Thursday, January 20, 2011

President Obama’s Report Card

We’re entering the third year of the Obama Presidency and before we know it, the 2012 election season will be in full swing.

While unemployment levels are steep and the economic outlook is (somewhat) bleak, a great deal HAS been accomplished over the past 24 months. Learn more at:

Continue to analyze views of your party of choice (and the competition) in order to make informed decisions.

How The West Was Lost

With all the excitement about China’s President Hu Jintao’s visit to the US, everyone is aflutter. Parents are signing preschoolers up for Mandarin classes. Business leaders clamored for invitations to the state dinner.

[ Aside: First Lady Michelle O was … soooo … STUNNINGLY RADIANT! ]

Everyone is trying to figure out why we (continue to be) asleep at the switch. How did … America loose it’s “mojo?”

According to BBC World news, China will have built 10 New York cities by the year 2025. That’s right – 10! Think about it. That’s really not so far off.

For a global perspective on China rising and other economic developments, you’ll want to pre-order your copy of How the West Was Lost: Fifty Years of Economic Folly - And the Stark Choices that Lie Ahead by Economist and Scholar, Dr. Dambiso Moyo. New York: Farrar, Straus and Giroux. ISBN 0374173257 (forthcoming February 15, 2011).

Of Zambian heritage and armed with an MS, MBA (American University), MPA (Harvard) and PhD (Oxford), Dr. Moyo was named one of Oprah Winfrey’s top 20 visionary women in 2009. To learn more, visit:

For those of us well-grounded in multicultural affairs, the story about Eastern prowess Asian business has always been a powerhouse. I’ve been fortunate to have worked as a consultant since the 1980s. Those “in the know” have always had deep connections with Eastern cultures, consultants and operatives.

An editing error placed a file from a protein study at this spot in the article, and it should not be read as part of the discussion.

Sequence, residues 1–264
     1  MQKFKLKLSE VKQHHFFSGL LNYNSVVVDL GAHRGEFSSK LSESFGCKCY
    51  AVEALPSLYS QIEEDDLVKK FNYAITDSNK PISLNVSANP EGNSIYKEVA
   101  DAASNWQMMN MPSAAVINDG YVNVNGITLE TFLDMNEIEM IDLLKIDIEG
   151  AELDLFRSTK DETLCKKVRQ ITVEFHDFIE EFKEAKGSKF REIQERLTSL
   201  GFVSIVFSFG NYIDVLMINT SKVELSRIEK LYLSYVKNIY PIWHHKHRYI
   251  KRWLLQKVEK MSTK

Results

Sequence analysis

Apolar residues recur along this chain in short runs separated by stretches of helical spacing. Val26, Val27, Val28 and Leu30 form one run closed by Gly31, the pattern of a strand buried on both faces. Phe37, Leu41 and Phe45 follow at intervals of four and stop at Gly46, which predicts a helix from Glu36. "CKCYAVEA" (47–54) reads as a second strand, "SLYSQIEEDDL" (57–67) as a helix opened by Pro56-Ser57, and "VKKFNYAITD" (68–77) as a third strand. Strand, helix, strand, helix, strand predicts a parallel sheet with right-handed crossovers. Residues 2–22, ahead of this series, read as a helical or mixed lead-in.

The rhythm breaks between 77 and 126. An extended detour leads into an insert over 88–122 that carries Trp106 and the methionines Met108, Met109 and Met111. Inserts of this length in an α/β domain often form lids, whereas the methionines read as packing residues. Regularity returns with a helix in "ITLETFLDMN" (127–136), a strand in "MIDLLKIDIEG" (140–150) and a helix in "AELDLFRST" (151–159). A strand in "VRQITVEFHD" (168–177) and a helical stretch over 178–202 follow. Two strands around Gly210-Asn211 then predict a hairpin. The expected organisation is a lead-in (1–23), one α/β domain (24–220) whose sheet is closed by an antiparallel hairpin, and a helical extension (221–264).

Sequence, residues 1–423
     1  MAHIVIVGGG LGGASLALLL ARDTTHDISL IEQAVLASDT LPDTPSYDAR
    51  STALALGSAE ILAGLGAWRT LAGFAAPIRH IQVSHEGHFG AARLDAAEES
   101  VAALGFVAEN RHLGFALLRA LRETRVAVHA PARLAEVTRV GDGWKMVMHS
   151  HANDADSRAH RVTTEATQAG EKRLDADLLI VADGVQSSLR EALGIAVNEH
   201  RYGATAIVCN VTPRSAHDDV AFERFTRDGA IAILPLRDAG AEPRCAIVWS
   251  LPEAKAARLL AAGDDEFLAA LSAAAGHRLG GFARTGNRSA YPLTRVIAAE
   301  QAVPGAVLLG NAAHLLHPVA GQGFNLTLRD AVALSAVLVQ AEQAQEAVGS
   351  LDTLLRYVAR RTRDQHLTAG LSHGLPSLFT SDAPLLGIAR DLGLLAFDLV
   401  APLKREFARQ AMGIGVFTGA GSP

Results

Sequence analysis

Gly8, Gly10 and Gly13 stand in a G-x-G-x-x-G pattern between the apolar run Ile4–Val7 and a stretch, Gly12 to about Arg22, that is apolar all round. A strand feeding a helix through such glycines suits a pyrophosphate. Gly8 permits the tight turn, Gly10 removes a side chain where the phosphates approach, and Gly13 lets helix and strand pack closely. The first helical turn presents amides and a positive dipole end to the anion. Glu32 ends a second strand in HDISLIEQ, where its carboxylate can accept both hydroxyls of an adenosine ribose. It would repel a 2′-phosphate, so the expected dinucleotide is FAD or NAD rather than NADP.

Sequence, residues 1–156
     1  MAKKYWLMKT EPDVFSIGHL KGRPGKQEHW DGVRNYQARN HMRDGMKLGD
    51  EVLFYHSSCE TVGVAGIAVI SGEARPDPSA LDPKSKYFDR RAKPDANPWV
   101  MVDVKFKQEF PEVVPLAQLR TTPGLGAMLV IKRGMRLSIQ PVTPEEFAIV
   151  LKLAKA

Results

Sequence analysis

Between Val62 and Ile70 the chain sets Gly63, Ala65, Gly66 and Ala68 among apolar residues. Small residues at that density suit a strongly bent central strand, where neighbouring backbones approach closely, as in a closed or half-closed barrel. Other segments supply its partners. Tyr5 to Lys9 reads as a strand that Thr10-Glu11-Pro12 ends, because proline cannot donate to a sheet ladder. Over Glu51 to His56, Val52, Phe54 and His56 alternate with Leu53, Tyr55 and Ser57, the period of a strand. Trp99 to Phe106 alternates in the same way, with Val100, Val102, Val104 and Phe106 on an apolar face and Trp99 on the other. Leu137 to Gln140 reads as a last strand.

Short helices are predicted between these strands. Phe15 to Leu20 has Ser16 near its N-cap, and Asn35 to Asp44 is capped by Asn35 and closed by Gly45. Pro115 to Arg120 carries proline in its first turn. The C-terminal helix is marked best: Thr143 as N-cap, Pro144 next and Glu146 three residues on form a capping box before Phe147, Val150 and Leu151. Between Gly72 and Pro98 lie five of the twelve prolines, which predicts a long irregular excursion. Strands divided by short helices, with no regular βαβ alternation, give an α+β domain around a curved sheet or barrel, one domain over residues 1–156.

My primary take away is this: Because Eastern (and African) civilizations are preeminent in the founding of world culture – they’ve had a few more centuries to plan.

Alas, America is a young country.

And, for those interested in an Asian mom’s take on parenting, you may want to purchase The Battle Hymn of a Tiger Mother by Amy Chua. She’s a law school professor and her kids get straight A’s.

Although she’s currently woven into the “extreme parenting” narrative, I submit she’s doing something right! Probably simply raising her kids as she was raised. Imagine an entire country raising their kids with similar techniques. The result: a lot of brilliant people with the capacity to take over the world.

America, we have to get our average acts together. While we don't have to take anything to the extreme, we can do better. We are above average, but the test scores of our youth don't show it.

For the mean time, I’ll stick with the fine upbringing leveled by my folks, Fred and Juanita Scott of Hampton, VA; solid, common-sense training coupled with Southern roots.

I’ll put my upbringing up against any fine Asian family any day. If you arm your kids with discipline and the vision to succeed, you have family values that can will last a lifetime.

Sunday, January 16, 2011

Behind the Dream

Martin Luther King Jr. confidante and attorney Clarence Jones provides a tremendous behind the scenes look at events preceding the 1965 March on Washington in his new book Behind the Dream. Jones is scholar in residence at Stanford University's MLK Research and Education Center.

To view a thought-provoking conversation on the book's contents, check out After Words on C-Span, hosted by New York's own Herb Boyd, of Amsterdam News and City College of New York fame.
Land Your Dream Job

CNN’s Fredericka Whitfield interviewed author Jennifer Remling Jan. 16, who relayed tips from her new book Carve Your Own Road about how to land your dream job:

1. Get Clarity

> internships
> apprenticeships
> take an inventory of exactly what you’d like to do

2. Leverage Education, Skills, Experience